Last updated 6/12/2012 1:02:09 AM. Recipe ID 25625. Report a problem with this recipe.
Title: Pizza rustica
Categories: Entrees, Usenet
Yield: 12 Servings
2 lb Ricotta cheese
3 lg Eggs
1/4 lb Mozzarella cheese,
-shredded or chopped
6 T Romano cheese, grated
6 T Parsley (fresh),
1 1/2 t Mint leaves, dried
-(do not use peppermint)
1/2 t Black pepper
Salt to taste (depends
-on salt content of
1 lb Italian sausage
-("mild" or "sweet")
2 oz Italian dry salami,
2 oz Prosciutto, thinly
-sliced (or any other ham)
1 1/2 lb Pizza dough (if you
-make your own dough,
-use about 3 C of flour)
1 Egg, separated
Put ricotta and eggs into a large bowl and stir until well mixed.
Blend in all other ingredients.
Slice the sausage into rounds about 3/8 inch thick. Brown in a
little oil until cooked through. Drain and discard grease. Cut the
salami and ham slices into strips about 1 x 1/4 inches.
Make or thaw or unwrap the pizza dough.
Mix the meats into the cheese filling. Roll the dough into two
disks, one large enough to line a 10-inch round cake pan, the other
large enough to cover it. Put the larger piece into the
lightly-floured cake pan, molding it so that it completely lines the
pan, with at least 1/2 inch hanging over the edge.
Fill with the cheese-meat mixture. To allow for expansion, fill to
about 1/2 inch below the top of the pan. Wet the exposed dough edge
with egg white, place the other piece of dough on top, and pinch the
two pieces together. Trim neatly to make a seal. Brush egg yolk over
the top of the pie (this will brown during baking). Puncture the top
of pie in several places with a knife (make sure the holes are large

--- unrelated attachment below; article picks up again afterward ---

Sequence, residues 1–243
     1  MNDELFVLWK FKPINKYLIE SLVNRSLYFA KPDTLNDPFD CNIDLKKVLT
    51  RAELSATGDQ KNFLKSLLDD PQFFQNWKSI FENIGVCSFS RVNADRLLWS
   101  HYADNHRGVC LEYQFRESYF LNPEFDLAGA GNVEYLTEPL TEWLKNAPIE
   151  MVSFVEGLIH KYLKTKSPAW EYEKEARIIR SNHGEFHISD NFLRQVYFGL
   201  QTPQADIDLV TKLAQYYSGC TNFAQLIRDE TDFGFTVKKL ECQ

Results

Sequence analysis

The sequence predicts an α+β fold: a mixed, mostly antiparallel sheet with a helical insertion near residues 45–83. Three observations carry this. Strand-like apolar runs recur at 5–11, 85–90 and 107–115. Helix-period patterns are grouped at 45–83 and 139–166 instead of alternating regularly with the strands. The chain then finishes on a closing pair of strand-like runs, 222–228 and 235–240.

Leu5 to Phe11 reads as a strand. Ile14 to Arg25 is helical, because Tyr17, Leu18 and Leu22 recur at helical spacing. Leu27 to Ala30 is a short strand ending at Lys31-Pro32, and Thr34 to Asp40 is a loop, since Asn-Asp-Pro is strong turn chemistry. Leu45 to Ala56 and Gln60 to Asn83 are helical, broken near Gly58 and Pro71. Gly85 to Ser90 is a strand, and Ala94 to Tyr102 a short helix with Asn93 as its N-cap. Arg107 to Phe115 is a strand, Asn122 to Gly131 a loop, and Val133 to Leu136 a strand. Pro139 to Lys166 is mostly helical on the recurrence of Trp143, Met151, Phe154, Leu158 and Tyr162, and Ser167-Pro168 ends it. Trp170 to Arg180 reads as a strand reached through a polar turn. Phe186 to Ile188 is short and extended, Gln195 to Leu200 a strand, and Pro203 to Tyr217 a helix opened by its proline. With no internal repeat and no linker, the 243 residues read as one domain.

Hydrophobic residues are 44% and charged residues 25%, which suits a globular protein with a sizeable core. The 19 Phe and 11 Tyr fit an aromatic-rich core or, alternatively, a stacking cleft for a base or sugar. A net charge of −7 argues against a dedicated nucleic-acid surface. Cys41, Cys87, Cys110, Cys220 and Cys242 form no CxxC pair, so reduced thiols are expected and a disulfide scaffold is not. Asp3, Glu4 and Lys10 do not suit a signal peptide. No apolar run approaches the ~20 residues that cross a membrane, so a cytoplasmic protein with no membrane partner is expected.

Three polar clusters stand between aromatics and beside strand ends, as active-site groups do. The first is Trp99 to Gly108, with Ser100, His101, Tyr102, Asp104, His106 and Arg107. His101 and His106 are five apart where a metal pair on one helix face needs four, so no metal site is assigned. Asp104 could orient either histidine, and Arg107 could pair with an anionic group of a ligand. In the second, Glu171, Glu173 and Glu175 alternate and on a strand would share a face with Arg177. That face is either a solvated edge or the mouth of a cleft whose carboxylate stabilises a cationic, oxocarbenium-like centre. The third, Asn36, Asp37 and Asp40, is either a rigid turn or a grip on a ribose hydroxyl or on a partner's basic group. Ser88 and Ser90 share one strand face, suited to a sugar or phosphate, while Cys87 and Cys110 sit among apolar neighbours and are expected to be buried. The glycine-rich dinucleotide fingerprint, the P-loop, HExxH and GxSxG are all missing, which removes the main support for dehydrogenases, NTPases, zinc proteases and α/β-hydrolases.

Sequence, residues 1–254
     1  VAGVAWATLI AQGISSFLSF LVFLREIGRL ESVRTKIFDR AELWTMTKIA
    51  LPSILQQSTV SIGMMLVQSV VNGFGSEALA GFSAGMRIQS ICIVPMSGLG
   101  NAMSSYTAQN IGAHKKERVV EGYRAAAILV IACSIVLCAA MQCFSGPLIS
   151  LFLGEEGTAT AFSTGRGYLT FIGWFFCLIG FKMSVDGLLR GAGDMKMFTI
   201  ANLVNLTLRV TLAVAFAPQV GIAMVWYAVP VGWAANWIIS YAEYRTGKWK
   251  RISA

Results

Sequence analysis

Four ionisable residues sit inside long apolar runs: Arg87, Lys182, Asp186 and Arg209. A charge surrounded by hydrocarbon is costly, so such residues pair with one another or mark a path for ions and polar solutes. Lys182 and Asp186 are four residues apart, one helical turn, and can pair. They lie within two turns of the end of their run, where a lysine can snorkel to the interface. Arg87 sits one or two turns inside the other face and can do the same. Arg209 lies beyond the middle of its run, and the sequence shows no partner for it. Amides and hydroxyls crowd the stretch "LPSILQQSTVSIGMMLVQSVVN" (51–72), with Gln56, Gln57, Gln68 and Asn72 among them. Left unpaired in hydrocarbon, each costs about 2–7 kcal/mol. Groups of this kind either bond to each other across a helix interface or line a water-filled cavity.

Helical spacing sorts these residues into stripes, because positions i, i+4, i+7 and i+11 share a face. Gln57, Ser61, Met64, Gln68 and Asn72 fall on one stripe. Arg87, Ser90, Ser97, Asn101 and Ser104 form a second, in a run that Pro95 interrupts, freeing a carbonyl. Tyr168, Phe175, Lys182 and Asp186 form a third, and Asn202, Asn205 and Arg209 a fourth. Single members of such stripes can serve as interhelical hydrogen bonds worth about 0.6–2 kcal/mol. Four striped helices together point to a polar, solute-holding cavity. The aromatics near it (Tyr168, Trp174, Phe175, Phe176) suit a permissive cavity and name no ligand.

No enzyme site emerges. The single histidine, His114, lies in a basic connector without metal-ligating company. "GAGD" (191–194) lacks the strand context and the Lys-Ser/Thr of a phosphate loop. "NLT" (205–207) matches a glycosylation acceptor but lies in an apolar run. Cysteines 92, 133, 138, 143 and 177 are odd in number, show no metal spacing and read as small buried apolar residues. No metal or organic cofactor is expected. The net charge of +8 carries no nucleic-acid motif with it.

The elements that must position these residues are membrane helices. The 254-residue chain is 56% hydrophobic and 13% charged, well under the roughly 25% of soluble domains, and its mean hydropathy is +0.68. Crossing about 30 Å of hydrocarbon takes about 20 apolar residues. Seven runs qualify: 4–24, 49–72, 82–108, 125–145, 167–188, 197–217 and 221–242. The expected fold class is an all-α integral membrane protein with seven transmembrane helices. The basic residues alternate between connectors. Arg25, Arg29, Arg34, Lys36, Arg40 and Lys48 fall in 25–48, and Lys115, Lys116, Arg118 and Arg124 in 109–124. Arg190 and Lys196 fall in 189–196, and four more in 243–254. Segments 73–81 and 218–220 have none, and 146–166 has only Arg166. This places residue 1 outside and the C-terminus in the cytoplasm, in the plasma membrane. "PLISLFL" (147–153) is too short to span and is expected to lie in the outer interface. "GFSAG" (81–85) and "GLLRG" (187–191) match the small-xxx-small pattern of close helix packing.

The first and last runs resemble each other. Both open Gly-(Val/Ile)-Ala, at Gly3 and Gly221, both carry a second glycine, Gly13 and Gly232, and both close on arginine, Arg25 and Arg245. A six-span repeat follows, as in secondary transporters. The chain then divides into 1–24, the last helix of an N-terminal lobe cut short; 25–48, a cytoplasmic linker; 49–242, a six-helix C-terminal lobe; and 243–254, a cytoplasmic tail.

enough not to close up during baking). Bake at 350 degrees F. for
about an hour, until the top is browned but not burned. Remove from
pan and cool on a wire rack. Serve at room temperature.
* San Felese Easter pie -- This dish is traditional in my family at
Easter time. I don't know how to spell the Italian name of this pie,
but it sounds something like "Pizza Gain" (my father translates it as
"full pie" This recipe originated in the town of San Fele, east of
* This recipe makes a very large pie. I couldn't find a big enough
cake pan, so I used a cast-iron frying pan. You might try using half
the quantity of ingredients in a 7-inch pan (make a little extra
* If possible, grate your own romano cheese. Some of the romano sold
pre-grated in cardboard cylinders looks and tastes more like sawdust
than cheese. "Romano" and "parmesan" are American names; the main
difference is that romano is sharper. The mint you want to use is
spearmint. It is sold as just plain "mint" in the spice section of
supermarkets. Peppermint is entirely the wrong flavor.
* Italian sausage is a 'fresh' sausage, i.e. uncured and uncooked.
It must be cooked before eating. Depending upon where you live, the
less-spicy version of it is called either "sweet" or "mild." When
I'm really ambitious I make my own (that doesn't happen often!). The
only ingredients are pork (about 20 percent fat), fennel seeds, salt
and a small amount of red pepper flakes, all coarsely ground and
stuffed into natural hog casings. If you can't find Italian sausage,
you might try a mixture of ground pork with the above seasonings,
rolled into little patties. To adjust seasonings, just pan-fry a
little bit of the mixture and taste.
* The cheese filling given above (without the meats) is my standard
filling for lasagna, manicotti, ravioli, etc.
* This same recipe can be used to make calzone. Roll out a small
disk of pizza dough, put a blob of cheese/meat mixture in the middle,
fold it over, seal and bake. This is a good way to use up any
filling that doesn't fit into the pie.
: Difficulty: moderate.
: Time: 30 minutes preparation, 1 hour cooking.
: Precision: approximate measurement OK.
: Joe Petolino
: Chronon Computer Co., Mountain View CA
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